August 30, 2005 in Business

Met Mortgage sells properties in Hawaii

By The Spokesman-Review
 
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Metropolitan Mortgage & Securities Co. sold its idyllic Hawaiian properties and netted $16.7 million, a bit of bright news for creditors of the bankrupt company.

Proceeds bested the company’s initial estimate by more than $4 million, making the auction a rare success in what has been a bankruptcy full of distressed sales and disappointments.

“We’re very pleased about this,” said P.J. Grabicki, the attorney representing thousands of burned investors in the bankruptcy case.

Among the buyers was an heir to the Campbell Soup fortune, Bennett Dorrance. He paid $18 million for 32 acres of land that included about 1,100 feet of white sandy beach.

“I’ve been buying Campbell’s Soup every day,” said Maggie Lyons, who has managed Metropolitan as CEO during its liquidation.

Sealed bids for Metropolitan’s Hawaiian holdings were due Aug. 11. The bidders were then given an opportunity to submit final and best offers. The process, overseen by real estate advisor Kennedy Wilson Inc., went smoothly, even though some of the properties were saddled with zoning problems, Lyons said.

Lyons said money from all but one of four separate property sales has been deposited and will be part of the initial distribution to creditors once a bankruptcy plan for Metropolitan has been approved. That is scheduled to happen by early next year.

The Hawaiian properties were among the crown jewels of Metropolitan’s holdings and were coveted by developers and paradise seekers.

Sitting within a 45-minute drive of Honolulu, the oceanfront lots were acquired several years ago by Metropolitan as part of its Dillingham Ranch project, a development that was envisioned to provide an equestrian center and housing development on a historic ranch.

To make it all work, Metropolitan used its insurance affiliates to back the purchases in the sort of questionable intra-company financing arrangements that have come under scrutiny from a court-appointed special examiner.

Despite the unusual financing scenarios and zoning issues, Lyons said she believed early on that the company and its affiliates could all emerge financial winners on the deal because of a red-hot Hawaiian real estate market and the beauty and desirability of the properties.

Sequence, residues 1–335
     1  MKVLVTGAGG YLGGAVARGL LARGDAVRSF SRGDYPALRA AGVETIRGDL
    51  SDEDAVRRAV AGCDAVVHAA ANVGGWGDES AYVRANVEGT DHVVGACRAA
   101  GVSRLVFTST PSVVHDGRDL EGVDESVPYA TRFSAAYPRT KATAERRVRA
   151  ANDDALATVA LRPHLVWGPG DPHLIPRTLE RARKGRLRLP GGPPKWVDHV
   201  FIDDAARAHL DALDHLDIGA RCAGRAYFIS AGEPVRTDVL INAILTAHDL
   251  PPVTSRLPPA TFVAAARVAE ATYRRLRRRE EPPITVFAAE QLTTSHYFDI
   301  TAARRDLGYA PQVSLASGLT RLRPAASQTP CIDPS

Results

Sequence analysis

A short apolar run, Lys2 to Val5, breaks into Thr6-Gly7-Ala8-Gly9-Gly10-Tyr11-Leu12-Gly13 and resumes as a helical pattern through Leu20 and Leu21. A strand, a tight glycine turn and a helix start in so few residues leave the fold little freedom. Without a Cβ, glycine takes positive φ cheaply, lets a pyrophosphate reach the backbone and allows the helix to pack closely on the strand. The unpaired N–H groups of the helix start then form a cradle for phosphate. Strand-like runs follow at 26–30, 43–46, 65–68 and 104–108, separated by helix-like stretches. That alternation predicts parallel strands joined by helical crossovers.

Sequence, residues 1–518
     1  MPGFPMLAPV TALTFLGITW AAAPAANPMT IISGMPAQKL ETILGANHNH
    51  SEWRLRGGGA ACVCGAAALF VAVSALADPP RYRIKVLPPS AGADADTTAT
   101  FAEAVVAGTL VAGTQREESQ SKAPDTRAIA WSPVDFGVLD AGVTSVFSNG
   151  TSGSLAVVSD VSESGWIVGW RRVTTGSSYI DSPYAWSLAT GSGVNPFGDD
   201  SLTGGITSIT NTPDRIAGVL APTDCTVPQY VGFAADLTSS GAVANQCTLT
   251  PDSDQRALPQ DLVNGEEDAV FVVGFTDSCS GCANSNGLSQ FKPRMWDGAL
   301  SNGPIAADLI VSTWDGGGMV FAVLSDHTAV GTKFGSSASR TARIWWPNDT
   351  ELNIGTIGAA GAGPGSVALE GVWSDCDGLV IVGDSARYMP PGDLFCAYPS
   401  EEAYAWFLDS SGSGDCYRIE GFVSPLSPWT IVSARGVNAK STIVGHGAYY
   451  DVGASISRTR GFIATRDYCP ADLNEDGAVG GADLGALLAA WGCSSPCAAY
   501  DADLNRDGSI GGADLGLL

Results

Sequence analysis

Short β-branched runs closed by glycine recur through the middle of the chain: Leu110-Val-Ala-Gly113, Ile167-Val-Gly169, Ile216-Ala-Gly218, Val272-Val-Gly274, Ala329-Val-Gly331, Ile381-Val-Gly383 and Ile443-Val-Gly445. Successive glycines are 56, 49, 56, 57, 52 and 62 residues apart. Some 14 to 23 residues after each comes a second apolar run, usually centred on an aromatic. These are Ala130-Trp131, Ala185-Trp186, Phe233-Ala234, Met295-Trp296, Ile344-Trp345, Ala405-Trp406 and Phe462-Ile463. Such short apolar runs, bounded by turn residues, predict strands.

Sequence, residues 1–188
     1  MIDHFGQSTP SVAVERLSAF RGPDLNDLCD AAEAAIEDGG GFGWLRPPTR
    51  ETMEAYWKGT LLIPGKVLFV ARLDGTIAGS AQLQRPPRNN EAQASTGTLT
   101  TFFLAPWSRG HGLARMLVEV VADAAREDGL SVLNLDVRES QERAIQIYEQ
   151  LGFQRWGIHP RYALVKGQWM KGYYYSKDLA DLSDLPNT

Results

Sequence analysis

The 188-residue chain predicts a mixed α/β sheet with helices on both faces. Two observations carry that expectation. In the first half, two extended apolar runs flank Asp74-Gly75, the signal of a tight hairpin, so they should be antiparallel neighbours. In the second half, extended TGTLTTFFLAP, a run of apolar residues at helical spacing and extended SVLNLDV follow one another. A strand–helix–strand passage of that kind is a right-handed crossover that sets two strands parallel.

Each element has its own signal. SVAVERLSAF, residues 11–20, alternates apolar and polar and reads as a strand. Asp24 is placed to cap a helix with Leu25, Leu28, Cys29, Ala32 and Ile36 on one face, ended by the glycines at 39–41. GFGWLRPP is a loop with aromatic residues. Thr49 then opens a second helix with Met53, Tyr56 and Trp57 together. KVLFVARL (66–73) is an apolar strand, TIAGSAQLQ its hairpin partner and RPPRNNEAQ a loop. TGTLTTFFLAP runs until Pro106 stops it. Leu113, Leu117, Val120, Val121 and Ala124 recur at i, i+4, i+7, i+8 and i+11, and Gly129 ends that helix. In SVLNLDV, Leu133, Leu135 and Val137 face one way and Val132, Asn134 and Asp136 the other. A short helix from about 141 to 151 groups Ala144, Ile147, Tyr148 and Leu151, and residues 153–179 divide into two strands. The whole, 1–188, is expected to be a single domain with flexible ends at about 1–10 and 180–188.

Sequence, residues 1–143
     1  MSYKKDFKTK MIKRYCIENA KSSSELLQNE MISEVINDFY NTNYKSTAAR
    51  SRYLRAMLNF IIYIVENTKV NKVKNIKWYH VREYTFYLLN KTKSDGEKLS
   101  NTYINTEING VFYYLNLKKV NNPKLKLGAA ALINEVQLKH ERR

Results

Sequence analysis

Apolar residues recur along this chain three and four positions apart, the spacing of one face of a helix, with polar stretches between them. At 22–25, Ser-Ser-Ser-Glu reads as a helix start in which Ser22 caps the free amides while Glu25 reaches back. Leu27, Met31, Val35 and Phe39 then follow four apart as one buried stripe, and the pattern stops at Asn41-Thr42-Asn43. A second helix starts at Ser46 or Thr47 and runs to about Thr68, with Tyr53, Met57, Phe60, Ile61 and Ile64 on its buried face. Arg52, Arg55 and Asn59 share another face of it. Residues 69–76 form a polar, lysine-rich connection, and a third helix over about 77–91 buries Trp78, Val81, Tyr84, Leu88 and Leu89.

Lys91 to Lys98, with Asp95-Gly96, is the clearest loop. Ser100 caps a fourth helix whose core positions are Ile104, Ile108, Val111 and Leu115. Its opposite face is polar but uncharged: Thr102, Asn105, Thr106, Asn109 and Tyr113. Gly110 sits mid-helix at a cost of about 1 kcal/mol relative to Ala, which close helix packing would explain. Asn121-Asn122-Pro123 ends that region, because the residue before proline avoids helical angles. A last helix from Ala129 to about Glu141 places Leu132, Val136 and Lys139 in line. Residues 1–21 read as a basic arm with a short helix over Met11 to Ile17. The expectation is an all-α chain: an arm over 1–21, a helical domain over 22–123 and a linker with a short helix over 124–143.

The biggest problem has been the poor, if not hostile, relationship between Metropolitan and its Western United Life Assurance Co. affiliate, now overseen by Washington State Insurance Commissioner Mike Kriedler.

Regulators seized the company from Metropolitan’s control in early 2004, amid allegations of accounting fraud, to ensure it complied with state insurance laws.

Regulators have since reorganized the company, written off tens of millions of dollars in investments and are now attempting to sell the firm.

Lyons said Metropolitan finally grew tired of Western United’s reluctance to come up with a joint sales plan and decided to auction its property to get the money to creditors.

The lands sold include:

“ Kaena North, the 32 acres purchased by Dorrance for $18 million.

“Ocean Shores, a 13-acre property purchased by Bill Hansen, a Seattle boatmaker, for $3.05 million.

“ Mokuleia Estates, a lot less than an acre in size purchased for $1.075 million.

“ Coastal View, 55 acres in two parcels that sit on the hillsides overlooking the coast, bought for $1 million. This property once housed a munitions dump during World War II.

Metropolitan also attempted to sell another parcel called Mokuleia Shores, which has been used for decades as a polo grounds and private beach access for the adjacent Dillingham Ranch.

The company solicited bids for the property and was offered $9.5 million, but that offer did not meet the minimum requirements necessary to repay the $15.9 million note held by Western United.

Lyons said Metropolitan is now negotiating to forfeit the property because the debt far exceeds its market value.

Western would likely pair the polo grounds with its Dillingham Ranch holdings to enhance its sale of the Hawaiian real estate.

Regulators announced last spring intentions to sell Western United. Little information regarding bids, amounts or a timeline has been released.


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